Squishable is a small business with a huge presence. Their products – giant, fuzzy, often goofy stuffed animals – are as much about cute toys as they are about social branding. And in today’s digital world, being a “social brand” is becoming increasingly important. However, having a strong Facebook and Twitter presence isn’t all it takes to make your brand social. We look at how Squishable engages customers on multiple levels to achieve a huge social media presence that all brands, big and small, can learn from.
Squishable has a standout product – oversized, super-soft stuffed animals that demand to be cuddled. But like many products, these Squishables would never have amounted to much were it not for repeat customers and positive word of mouth advertising. And so, Squishables embraced social media as its primary marketing platform, and today has over 134,000 Facebook fans behind them, putting them in the social leagues with big brands like FAO Schwarz (9,400 fans) and Crayola (246,000 fans).
But Squishable knows that being a social business is not only about having a few social media accounts; a social business fosters interaction, reaches out to the public, inspires people to have fun, and gives customers a say in the product or service they’ve come to love. This is precisely what Squishable has done, thus creating a brand experience that’s about more than just the product; it’s about the social interaction, as well.
How Squishable exudes sociability
- Product Votes – Squishable lets customers make design choices. Be it a wolf, horse, or puffer-fish, you name it, they use product votes and feedback to let customers choose the next season’s stuffed animals.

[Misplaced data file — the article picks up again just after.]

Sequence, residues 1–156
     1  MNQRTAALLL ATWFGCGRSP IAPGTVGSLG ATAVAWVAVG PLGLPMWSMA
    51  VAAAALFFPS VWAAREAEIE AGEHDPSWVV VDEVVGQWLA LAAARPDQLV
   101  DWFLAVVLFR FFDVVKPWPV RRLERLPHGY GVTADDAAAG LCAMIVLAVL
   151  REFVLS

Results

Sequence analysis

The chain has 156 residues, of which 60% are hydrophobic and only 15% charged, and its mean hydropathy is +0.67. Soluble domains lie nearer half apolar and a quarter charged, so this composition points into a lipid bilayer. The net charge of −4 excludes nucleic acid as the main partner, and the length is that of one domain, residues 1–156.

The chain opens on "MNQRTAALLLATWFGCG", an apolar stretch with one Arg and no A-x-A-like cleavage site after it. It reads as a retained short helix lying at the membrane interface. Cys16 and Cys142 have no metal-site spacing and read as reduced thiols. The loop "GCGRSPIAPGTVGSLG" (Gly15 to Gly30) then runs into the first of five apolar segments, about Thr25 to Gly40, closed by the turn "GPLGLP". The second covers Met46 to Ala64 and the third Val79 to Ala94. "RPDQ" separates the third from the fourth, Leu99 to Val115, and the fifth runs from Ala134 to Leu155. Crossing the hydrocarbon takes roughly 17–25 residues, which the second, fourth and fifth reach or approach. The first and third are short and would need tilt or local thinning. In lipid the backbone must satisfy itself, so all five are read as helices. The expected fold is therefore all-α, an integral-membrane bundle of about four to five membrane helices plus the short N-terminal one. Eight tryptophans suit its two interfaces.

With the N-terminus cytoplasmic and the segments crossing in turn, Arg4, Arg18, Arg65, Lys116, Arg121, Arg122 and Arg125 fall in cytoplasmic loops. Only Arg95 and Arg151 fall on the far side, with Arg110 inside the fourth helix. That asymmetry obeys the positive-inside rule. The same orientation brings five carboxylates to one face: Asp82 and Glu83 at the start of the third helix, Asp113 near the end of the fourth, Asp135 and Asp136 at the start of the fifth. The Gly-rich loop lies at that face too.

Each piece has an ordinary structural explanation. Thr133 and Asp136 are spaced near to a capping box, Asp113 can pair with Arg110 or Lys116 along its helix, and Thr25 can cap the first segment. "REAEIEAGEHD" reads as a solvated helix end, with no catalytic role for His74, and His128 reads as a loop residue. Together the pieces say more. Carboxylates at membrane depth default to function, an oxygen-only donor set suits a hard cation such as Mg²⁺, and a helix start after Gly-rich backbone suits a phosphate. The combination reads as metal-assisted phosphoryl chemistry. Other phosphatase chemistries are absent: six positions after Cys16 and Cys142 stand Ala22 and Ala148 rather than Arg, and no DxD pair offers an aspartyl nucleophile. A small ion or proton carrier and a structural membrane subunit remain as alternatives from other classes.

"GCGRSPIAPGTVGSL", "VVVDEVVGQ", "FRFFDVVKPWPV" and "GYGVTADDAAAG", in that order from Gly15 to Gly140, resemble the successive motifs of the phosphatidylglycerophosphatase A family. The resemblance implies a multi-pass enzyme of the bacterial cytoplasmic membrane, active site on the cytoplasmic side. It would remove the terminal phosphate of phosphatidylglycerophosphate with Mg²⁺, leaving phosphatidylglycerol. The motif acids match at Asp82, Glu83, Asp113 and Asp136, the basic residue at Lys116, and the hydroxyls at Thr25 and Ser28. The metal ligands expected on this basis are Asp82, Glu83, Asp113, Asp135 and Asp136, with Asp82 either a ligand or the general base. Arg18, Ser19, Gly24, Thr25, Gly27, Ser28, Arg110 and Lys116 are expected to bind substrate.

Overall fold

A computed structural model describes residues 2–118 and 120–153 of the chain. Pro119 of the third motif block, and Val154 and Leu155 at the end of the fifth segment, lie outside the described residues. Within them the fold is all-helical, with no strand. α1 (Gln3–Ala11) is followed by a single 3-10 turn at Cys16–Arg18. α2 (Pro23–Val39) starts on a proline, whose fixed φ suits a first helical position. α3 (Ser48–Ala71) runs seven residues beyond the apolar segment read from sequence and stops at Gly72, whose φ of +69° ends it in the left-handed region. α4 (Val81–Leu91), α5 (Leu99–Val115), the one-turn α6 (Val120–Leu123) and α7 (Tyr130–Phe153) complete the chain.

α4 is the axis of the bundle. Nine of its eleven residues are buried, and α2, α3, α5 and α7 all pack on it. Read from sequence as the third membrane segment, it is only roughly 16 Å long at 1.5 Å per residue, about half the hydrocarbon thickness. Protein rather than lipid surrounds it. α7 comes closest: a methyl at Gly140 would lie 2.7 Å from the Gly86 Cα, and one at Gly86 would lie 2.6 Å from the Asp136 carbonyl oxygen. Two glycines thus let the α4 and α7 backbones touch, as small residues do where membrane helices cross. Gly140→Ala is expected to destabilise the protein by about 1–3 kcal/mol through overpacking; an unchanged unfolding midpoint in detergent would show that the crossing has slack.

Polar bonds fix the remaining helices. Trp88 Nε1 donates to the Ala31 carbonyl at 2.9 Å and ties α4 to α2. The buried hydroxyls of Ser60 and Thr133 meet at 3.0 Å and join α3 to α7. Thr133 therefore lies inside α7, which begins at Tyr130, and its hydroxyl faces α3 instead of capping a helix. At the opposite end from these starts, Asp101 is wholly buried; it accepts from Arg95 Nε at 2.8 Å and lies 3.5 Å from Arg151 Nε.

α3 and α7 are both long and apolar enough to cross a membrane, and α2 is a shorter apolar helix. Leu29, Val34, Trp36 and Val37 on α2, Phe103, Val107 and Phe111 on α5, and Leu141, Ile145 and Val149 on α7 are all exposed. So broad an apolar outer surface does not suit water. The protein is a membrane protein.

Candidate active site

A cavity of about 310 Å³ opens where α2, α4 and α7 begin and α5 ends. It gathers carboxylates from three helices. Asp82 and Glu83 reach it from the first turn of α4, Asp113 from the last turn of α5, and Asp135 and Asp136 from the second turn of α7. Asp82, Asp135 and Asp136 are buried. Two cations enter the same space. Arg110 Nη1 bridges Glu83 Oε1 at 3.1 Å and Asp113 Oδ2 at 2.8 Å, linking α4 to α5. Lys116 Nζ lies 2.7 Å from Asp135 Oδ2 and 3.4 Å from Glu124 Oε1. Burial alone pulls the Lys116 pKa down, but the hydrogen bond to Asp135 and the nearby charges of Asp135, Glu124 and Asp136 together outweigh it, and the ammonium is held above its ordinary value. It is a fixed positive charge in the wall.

- Contests – Last summer, Squishable held a video contest where customers could submit videos they made with their stuffed loved one. The winners received a free “Squishy” and a $50 donation to their favourite charity.
- The Daily Squish iPhone App – Squishable lovers can get a dose of cuteness on their iPhones through the free Daily Squish app, allowing users to browse pictures of people and Squishies with humorous annotations.
- The Fuzzy Five Web Comic – Squishable brings their products to life through a bi-weekly web comic starring the various animals.
- Pictures and Videos – Not just for contests, customers can share media of themselves and their fuzzy Squishies any time of year and have them posted on the company website. Every picture submitted receives one dollar donated to Squishable’s charity of the month.
- Travels with Squishy Blog – Adding another layer of fun, Horace the Nomadic Monkey Squishy travels around the world and blogs his adventures.
- Icons and Avatars – Diehard fans can download icons and avatars of their favourite stuffed Squishable and share them to their heart’s content.
All of these activities are not only social; they are largely what identify Squishable as a brand. It’s not just the product; it is the people involved, the conversations that take place, and the emotions behind it all. It’s all on their website, but how exactly do they bring it all together? A website can only do so much…
Fusing the pieces with Facebook and Twitter
Squishable has a hefty following for a small business on both Twitter and Facebook with 2,361 followers and 134,511 fans. We used our analytics tools, Skyttle Realtime and Skyttle Friends, to look at their brand. Sentiment is very high across the board with words such as adorable, cute, amazing, and exciting. So the big question is, why such the large following and positive sentiment?
It’s pretty simple: they use Facebook and Twitter as a support for all of their other social activities instead of using them to define their whole social identity.
This social strategy isn’t only for small businesses like Squishable. It can easily be applied to big brands. To characterize yourself as a social brand, it is not enough to just be active on Facebook and Twitter. You need to engage your customers in different ways and spark their interests to get involved. Contests, Apps, Web Comics, Charities…these are all ways to engage. While every brand will be different, the point remains the same. Use social media to support your strategies, not define them.
We would love to know, what makes your brand so social?